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Dropping Links

July 22, 2010 Leave a comment

Some stuff I want to keep track of, and you might like to peruse, listen to, or watch…

  • NPR : Debate Over Whale Hunt Focuses On Japan – It looks like the whole idea of defending a ridiculous practice just for the principle is losing traction. Aired June 21, 2010.
  • NY Times Magazine: Tuna’s End by Paul Greenberg – Maybe the best summary I’ve seen on the plight of Bluefin, especially in recent times. Covers the CITES failure, the oil spill, and some great visuals that make the animal seem more real, and how they are caught. Published June 21, 2010.
  • On Point (NPR): Killer Whales: Tanks and Tensions with Tom Ashbrook. – A 47-minute radio program exploring whales in captivity, including Tilikum in Orlando.
  • Plants & Animals Denver – www.plantsanimals.org – the vegan advocacy group I help organize. We are currently working on a local Bluefin tuna campaign, and putting on vegan community dinners every month.

Methinks Someone at the Denver Post is on the Big Ag teat.

April 12, 2010 1 comment

This Denver Post editorial from today’s paper just smacks of Big Ag influence to me. Call me a conspiracy theorist, but come on: the editor is defending keeping pizza in school lunches (as an “example”). Has the mighty agriculture lobby resorted to paying off newspaper editors to influence public opinion before laws get to close to passing? It’s the only explanation to me for defending the need for “palatable” unhealthy choices in school cafeterias.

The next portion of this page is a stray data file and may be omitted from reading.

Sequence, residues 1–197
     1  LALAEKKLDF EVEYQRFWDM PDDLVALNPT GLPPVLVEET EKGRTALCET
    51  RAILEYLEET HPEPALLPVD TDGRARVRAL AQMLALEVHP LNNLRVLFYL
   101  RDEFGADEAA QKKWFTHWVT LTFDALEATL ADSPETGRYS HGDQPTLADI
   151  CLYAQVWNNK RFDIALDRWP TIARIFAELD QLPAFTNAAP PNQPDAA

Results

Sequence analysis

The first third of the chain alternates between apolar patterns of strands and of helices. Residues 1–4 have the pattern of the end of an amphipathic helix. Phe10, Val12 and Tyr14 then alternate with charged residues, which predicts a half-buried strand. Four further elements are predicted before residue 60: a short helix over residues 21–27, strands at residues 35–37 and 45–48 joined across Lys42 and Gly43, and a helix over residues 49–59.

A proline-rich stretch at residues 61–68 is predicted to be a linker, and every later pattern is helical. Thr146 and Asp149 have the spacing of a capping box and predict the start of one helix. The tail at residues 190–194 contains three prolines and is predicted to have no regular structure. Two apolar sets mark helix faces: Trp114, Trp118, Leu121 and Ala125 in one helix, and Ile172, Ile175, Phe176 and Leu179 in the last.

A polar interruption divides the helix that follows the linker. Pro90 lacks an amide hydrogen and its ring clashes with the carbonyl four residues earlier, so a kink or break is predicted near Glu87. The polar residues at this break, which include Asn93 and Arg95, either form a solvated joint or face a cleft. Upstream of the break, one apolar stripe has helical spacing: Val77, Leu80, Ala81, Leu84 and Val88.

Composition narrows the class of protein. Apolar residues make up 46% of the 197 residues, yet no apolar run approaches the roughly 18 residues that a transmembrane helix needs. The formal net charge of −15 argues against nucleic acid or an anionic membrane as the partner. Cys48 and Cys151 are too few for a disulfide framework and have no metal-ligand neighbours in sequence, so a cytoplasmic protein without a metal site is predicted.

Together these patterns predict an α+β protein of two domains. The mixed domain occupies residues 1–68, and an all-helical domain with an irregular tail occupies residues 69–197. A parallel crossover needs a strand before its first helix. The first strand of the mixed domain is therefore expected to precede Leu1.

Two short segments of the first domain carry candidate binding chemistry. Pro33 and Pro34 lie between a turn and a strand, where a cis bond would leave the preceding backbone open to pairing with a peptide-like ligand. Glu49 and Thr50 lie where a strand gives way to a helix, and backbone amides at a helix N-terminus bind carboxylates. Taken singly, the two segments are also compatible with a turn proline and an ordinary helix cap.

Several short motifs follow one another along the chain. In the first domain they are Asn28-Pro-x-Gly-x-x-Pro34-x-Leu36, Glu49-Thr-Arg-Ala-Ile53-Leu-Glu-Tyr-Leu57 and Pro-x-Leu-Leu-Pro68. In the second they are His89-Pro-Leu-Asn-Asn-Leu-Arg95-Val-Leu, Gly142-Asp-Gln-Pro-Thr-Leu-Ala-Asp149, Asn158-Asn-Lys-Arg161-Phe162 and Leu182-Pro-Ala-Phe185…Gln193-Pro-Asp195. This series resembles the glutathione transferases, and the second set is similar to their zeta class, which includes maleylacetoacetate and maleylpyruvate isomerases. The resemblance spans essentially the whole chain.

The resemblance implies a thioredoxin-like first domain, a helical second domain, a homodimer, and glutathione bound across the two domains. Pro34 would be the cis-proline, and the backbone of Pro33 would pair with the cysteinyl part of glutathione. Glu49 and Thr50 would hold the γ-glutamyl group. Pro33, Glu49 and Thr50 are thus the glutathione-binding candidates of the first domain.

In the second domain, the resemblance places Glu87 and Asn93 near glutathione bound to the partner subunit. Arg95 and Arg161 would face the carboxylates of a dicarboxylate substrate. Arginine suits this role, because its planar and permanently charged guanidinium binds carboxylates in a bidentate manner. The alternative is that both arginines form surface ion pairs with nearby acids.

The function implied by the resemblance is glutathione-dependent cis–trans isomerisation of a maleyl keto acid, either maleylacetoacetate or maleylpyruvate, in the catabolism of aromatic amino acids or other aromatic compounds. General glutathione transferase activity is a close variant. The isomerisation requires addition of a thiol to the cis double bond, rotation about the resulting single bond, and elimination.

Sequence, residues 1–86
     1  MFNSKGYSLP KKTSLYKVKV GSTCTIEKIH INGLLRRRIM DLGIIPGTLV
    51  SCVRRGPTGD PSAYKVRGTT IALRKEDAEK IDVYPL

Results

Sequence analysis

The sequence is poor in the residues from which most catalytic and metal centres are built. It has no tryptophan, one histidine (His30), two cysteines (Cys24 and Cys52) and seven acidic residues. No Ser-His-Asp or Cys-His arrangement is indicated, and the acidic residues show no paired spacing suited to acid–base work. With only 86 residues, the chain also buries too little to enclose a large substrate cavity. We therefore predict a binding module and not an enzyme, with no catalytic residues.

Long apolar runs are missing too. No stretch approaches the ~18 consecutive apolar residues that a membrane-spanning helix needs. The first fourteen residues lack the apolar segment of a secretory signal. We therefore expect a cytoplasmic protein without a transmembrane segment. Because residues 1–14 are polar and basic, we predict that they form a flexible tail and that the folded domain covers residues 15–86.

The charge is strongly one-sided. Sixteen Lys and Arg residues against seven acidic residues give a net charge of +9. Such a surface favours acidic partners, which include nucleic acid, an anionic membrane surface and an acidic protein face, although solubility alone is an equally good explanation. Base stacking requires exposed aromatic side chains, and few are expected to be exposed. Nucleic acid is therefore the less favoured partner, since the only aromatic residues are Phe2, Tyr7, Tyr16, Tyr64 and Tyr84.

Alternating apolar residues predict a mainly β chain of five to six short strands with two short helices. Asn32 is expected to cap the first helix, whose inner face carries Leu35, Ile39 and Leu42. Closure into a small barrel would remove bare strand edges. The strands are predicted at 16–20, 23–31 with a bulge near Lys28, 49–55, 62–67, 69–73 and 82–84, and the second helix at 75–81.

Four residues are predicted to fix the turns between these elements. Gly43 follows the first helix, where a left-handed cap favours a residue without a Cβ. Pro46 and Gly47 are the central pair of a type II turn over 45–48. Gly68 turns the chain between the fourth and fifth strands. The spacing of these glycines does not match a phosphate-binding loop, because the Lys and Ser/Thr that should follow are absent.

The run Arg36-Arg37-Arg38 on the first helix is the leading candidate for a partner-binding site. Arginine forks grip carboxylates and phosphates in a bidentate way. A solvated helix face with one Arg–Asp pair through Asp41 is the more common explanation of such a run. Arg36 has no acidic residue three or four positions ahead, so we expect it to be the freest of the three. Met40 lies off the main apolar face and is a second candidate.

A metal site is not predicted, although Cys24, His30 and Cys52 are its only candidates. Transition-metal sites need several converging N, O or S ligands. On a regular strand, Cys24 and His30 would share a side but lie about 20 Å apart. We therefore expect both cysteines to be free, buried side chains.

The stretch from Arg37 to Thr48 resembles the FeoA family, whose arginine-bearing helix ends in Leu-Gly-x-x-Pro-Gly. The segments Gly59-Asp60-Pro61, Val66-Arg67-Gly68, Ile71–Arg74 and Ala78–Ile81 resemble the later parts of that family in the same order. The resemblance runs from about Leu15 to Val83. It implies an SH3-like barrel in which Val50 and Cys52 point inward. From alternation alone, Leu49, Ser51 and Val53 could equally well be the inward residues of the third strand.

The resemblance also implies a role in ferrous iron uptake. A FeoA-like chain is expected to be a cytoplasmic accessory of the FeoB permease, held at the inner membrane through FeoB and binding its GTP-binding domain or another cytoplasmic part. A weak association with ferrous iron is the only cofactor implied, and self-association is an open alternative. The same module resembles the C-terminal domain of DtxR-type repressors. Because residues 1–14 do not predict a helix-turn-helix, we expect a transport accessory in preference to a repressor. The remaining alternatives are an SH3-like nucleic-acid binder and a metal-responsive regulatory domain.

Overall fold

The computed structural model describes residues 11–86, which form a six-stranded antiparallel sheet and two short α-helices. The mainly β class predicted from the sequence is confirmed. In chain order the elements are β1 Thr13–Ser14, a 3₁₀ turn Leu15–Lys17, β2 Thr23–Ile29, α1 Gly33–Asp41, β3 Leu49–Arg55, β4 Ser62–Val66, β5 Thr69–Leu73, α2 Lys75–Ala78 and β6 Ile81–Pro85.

The article expresses concern over how far the new legislation (called the Healthy, Hunger-Free Kids Act of 2010) could go. According to USA Today, it aims to “bolster the safety and nutritional value of school lunches.” The Post editors worry that

the potential that nutritional standards, yet to be developed by the U.S. Department of Agriculture, might be written so strictly they would effectively eliminate local control and individual choice.

The editors don’t seem to acknowledge the results of kids having that “individual choice.” Personally, I keep hearing about how kids tend to pick the tater tots, pizza, and Taco Bell when given the choice. Of course they do. Those things taste better to kids. Maybe they know they should be eating something healthier, and yeah, the idea of giving them a choice is nice and all, but I’m kind of a realist on this one: American kids don’t care about the healthy option. Some of them may have been hazed enough to know that they probably don’t want to be fat the rest of their lives, but what justification is there for slapping a burger and fries in front of them every day? They will eat it. The salt and fat will taste good to them, and they will continue to want that burger or pizza or taco every day.

Looking back at what I’ve written, I realize I am coming off as a bit of a totalitarian food Nazi- the children will eat what I say they will eat! But that’s not the case. I think kids should be allowed to eat food that tastes good to them. There are plenty of delicious nutritious options that I’m sure the lunch-ladies (and lunch-gentlemen) can handle cooking and serving. We need school lunch reform because the current options are lazy, underfunded, and bad for the kids. We need the bad-for-you stuff out because it keeps the kids hooked on the junk and headed towards obesity and diabetes. We need to present the message in our SCHOOLS (places of education!) that certain foods are healthy, and that we won’t subject our younglings to the food that will harm their bodies in the long run.